In Studio 2, the students will direct a project from beginning to end. They will explore presentation strategies, effective communication, and product design ethics. This phase works with the needs of real-world problems and challenges students to meet those needs.

“In Studio, we loosen the reins a bit. The goal of those three-week phases is to allow students the opportunity to pull it all together. We give them a problem statement, a problem about products, a context, and they do their own research. They then formulate a plan. They come up with prototypes. They develop their own testing methods, and we mentor them through that process,” Giovanni shared.

The last phase is all about the portfolio. During the three weeks of this phase, students will write case studies, assemble an industry-worthy online portfolio, and refine the skills they’ve already developed in previous weeks. They also learn some HTML and CSS which help them communicate more effectively with developers in future roles. 

This phase is also when students begin preparing for the job market. Students begin working with Flatiron School’s Career Services team to identify their career goals and come up with an individualized job-search strategy. This includes interview prep and assessing preferences, skills, and experience to determine job fit.

In the full-time course, these five phases are completed over 15 weeks. A typical school day for a full-time student involves lectures and labs dedicated to practicing what they’ve learned through exercises or project work. 

Giovanni summarizes the objective of the Product Design course. “Our goal is to scaffold people from the point where they’re learning about individual topics like tools and processes to the point where they are making judgment calls about how to take a problem statement to a product concept. We want students to know enough to represent their skills in the best light, and to know how they want to enter the industry,” he explained.

Design Labs

One unique feature of the course is the design labs. Giovanni expounds on how this helps students learn and understand the concepts taught. “We do design labs almost every day. The idea is you have lectures that introduce you to new information, and then immediately after the lecture, you’ll have one or two design labs, depending on what we’re doing.”

“These are shorter experiences, which are not graded but are scaffolding activities where you can put into practice what you just learned. It reinforces your learning and gives students a first taste of doing a new process they haven’t tried before, with lower stakes. It’s really an opportunity where you can experiment.”

Design labs allow students to have hands-on experience and apply the lessons they’ve learned to real-world situations.

Projects and Deliverables

Students complete eight major projects that take one to three weeks each to complete. They are designed to simulate situations and problems experienced in real-world work environments. They are based on real projects and are intended to be part of student portfolios. When they are presented to potential employers, the projects will allow students to explain their thought and work processes.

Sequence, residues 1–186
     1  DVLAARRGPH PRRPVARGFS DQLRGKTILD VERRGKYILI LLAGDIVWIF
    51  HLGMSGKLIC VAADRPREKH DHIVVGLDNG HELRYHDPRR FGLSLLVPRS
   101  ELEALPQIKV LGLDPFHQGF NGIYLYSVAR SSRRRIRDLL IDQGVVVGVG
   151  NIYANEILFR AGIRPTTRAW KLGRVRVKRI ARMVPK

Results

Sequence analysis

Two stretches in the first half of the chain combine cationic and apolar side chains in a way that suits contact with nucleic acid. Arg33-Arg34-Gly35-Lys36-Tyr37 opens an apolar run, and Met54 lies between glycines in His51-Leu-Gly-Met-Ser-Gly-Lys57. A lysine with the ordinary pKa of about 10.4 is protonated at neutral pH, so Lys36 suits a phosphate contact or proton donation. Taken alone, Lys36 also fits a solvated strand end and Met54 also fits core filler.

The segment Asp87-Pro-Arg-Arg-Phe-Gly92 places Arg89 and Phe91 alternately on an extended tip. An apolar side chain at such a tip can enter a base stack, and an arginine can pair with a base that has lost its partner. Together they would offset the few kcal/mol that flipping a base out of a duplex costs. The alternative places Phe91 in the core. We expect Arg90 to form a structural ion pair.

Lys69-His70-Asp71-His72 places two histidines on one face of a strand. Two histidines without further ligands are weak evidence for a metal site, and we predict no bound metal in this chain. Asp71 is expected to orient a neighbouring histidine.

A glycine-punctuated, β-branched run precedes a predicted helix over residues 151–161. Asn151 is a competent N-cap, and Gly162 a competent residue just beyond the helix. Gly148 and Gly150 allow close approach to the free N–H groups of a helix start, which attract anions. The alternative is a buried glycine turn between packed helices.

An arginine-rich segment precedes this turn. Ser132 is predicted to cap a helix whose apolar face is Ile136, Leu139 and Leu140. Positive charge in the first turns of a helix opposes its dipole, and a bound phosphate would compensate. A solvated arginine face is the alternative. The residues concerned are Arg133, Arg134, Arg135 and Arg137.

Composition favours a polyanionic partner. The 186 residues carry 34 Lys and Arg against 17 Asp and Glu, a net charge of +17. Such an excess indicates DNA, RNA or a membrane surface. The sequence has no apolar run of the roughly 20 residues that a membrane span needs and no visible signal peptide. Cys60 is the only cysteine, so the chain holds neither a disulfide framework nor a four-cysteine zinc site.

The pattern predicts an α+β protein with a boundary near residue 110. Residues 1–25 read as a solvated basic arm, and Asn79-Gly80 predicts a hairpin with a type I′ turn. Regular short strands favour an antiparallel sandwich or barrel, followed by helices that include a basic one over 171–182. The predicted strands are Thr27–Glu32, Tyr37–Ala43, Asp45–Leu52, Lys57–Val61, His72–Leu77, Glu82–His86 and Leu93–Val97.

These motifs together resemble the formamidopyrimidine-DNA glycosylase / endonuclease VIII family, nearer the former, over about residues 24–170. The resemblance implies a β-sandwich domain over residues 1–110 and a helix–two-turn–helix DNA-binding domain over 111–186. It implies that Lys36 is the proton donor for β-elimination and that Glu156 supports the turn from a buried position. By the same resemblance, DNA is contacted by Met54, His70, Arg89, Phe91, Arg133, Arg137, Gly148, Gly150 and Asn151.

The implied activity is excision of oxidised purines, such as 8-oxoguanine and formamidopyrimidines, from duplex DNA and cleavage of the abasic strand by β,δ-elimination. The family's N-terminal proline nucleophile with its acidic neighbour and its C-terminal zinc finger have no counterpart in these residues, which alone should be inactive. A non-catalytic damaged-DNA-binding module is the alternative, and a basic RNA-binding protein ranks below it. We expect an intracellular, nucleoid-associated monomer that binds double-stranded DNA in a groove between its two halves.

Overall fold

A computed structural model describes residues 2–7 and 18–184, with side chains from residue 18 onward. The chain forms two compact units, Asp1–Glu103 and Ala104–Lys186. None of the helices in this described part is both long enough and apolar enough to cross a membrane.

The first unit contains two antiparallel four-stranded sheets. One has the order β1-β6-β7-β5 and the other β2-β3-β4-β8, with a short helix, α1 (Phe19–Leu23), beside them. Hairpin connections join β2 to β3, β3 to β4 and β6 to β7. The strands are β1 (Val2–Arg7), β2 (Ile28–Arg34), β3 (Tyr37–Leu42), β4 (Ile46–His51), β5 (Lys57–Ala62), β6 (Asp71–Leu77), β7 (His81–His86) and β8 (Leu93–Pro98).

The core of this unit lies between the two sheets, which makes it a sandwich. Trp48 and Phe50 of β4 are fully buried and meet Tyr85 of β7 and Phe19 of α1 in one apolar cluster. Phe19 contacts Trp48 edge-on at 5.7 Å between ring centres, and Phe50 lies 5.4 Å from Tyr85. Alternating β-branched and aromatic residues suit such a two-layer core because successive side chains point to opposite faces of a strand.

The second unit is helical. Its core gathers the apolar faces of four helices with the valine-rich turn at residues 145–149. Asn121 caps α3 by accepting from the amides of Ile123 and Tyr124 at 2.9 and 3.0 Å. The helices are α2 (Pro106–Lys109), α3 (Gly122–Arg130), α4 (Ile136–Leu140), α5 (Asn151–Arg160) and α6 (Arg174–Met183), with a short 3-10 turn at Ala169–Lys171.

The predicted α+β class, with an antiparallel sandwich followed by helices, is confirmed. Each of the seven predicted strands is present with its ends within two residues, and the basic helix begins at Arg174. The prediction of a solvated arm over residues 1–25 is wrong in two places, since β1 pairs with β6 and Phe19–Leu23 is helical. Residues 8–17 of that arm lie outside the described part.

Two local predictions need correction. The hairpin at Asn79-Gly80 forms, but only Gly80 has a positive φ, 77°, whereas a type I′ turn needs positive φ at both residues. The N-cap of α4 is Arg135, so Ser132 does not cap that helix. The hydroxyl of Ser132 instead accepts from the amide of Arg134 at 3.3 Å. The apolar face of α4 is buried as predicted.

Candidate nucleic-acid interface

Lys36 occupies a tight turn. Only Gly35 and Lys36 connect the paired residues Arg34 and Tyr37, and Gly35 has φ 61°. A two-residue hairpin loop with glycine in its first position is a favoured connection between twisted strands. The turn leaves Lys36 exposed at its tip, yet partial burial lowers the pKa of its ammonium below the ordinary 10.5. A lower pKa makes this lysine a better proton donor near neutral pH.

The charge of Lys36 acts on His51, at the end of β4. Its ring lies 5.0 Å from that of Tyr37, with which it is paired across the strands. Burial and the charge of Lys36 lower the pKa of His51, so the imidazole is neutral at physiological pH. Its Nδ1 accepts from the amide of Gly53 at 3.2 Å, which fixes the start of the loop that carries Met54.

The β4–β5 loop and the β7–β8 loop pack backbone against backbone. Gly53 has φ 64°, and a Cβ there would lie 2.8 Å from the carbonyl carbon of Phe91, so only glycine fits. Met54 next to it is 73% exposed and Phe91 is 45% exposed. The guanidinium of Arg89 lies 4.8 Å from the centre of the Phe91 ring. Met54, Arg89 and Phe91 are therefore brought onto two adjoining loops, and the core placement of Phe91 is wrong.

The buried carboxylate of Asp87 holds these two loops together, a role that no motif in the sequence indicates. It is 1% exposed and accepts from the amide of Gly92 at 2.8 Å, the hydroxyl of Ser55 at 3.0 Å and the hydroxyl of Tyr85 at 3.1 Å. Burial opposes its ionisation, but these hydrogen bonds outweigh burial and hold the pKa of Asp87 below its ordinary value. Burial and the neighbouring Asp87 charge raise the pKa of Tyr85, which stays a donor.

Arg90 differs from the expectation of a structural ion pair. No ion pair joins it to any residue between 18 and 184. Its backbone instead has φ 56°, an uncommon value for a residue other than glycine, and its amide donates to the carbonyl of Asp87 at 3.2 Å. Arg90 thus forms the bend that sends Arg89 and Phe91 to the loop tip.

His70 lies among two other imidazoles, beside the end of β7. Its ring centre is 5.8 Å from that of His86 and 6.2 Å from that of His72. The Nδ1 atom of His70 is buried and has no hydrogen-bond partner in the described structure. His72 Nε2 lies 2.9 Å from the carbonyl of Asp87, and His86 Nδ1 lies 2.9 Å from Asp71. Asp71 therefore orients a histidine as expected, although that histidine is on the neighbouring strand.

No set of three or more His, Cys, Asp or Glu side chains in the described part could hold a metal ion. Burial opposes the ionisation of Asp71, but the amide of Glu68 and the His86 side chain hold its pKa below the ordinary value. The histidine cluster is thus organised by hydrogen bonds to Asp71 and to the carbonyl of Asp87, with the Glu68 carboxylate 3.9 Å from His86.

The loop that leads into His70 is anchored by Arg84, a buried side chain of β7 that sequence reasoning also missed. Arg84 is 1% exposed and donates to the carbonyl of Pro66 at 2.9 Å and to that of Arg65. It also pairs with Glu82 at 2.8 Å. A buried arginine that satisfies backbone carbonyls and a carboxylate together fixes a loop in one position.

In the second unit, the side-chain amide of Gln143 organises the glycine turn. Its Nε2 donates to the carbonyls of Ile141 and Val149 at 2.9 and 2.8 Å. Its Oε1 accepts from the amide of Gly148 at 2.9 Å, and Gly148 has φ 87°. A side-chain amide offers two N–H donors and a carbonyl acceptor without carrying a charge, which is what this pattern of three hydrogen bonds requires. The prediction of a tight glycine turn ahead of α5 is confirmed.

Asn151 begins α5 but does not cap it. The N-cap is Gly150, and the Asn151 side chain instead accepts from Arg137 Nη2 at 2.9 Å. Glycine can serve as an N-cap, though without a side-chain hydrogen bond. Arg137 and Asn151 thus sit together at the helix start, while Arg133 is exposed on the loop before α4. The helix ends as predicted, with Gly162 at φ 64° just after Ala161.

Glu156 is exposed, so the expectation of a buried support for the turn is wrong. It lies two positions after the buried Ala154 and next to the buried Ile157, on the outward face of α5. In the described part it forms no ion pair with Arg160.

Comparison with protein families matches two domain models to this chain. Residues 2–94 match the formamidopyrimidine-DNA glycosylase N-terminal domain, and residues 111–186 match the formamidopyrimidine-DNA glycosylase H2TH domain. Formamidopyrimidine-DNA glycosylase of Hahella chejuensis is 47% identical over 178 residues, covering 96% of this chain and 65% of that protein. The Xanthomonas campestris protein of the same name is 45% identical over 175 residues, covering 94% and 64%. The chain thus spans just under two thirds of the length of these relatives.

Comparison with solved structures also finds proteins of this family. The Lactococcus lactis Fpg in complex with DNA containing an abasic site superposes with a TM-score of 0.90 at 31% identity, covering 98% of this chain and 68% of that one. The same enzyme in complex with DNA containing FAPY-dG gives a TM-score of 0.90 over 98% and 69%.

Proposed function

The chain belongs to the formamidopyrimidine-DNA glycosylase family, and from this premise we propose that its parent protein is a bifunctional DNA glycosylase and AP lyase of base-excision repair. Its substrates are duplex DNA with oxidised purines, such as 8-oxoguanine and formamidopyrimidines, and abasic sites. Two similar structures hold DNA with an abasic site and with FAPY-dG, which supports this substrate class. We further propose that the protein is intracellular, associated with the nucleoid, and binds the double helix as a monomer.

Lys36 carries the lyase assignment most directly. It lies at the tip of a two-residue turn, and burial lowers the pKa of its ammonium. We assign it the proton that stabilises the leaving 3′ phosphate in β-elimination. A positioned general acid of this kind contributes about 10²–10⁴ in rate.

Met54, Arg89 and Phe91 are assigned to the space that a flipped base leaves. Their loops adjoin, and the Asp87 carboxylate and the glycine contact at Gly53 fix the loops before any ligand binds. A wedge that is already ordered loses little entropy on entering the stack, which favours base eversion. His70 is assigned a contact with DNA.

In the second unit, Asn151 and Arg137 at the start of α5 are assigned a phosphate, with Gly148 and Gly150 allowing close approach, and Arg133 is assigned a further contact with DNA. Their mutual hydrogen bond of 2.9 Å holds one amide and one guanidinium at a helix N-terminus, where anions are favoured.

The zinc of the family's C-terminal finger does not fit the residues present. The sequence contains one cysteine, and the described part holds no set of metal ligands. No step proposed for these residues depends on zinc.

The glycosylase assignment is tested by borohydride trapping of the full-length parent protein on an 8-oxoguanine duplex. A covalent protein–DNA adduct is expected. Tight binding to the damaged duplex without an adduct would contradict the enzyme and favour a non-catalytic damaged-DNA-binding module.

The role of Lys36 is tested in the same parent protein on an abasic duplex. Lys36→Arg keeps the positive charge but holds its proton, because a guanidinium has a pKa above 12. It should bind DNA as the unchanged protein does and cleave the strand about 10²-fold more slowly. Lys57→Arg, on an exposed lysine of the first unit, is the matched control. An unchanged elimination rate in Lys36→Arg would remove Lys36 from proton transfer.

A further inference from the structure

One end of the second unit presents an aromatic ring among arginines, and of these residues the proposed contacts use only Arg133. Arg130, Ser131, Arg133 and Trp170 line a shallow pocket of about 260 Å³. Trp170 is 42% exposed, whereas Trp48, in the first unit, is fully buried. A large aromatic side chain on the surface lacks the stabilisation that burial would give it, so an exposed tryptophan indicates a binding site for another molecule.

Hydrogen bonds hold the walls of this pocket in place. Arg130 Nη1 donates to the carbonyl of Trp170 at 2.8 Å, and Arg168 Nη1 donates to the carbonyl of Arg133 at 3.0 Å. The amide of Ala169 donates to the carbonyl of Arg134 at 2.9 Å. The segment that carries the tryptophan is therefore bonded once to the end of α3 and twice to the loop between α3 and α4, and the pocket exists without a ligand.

Built-In Career Services

All Flatiron School graduates receive career services support, including individual career coaching. When students begin their job searches, they’ll meet with a dedicated Career Coach weekly. These experienced coaches help with resume writing and review, interview prep, and support students all the way to landing their first job.

Graduates also benefit from Flatiron School’s global employer network that includes hiring managers at top companies. Flatiron School’s Employers Partnerships team is constantly working and advocating for its job-seekers. Combined with Flatiron School’s proven job-search framework, students have the full support needed to start a successful career.

Jobs for the Flatiron School Product Design Graduate

Graduates of the Product Design course are fully prepared for roles such as product designer, UX designer, UX researcher, UI designer, and visual designer, among others. The skills gained during the course are also useful for positions such as content strategist, UX writer, and UI engineer.

Giovanni further explains the role of a product designer in today’s marketplace. “When developing products, it’s not just focusing on features. You have to think about the whole process of developing a product, ushering it into the world, and seeing that it makes it. It needs to find the people it intends to serve,” he said.

“Product design is an overarching set of skills that incorporates UX design, UI design, and some of the business acumen associated with the development of products. This might revolve around staffing, research, and budgets. It’s a deep field for multi-disciplinary people who are looking for a creative outfit,” Giovanni continued.

Step into Product Design with Flatiron School

Product design is an exciting field that offers several roles for people interested in the intersection of design, research, user experience, and management. 

Giovanni shares his advice for people interested in exploring product design. “If you’re thinking about enrolling in Flatiron School’s Product Design course, start by doing some self-learning, see how far you can get on your own in terms of understanding, and then jump in. We even have a free workshop about Design Thinking, if you want a good place to start.”

If this sounds like something you are interested in and fits your career goals, enroll in Product School’s Product Design course today.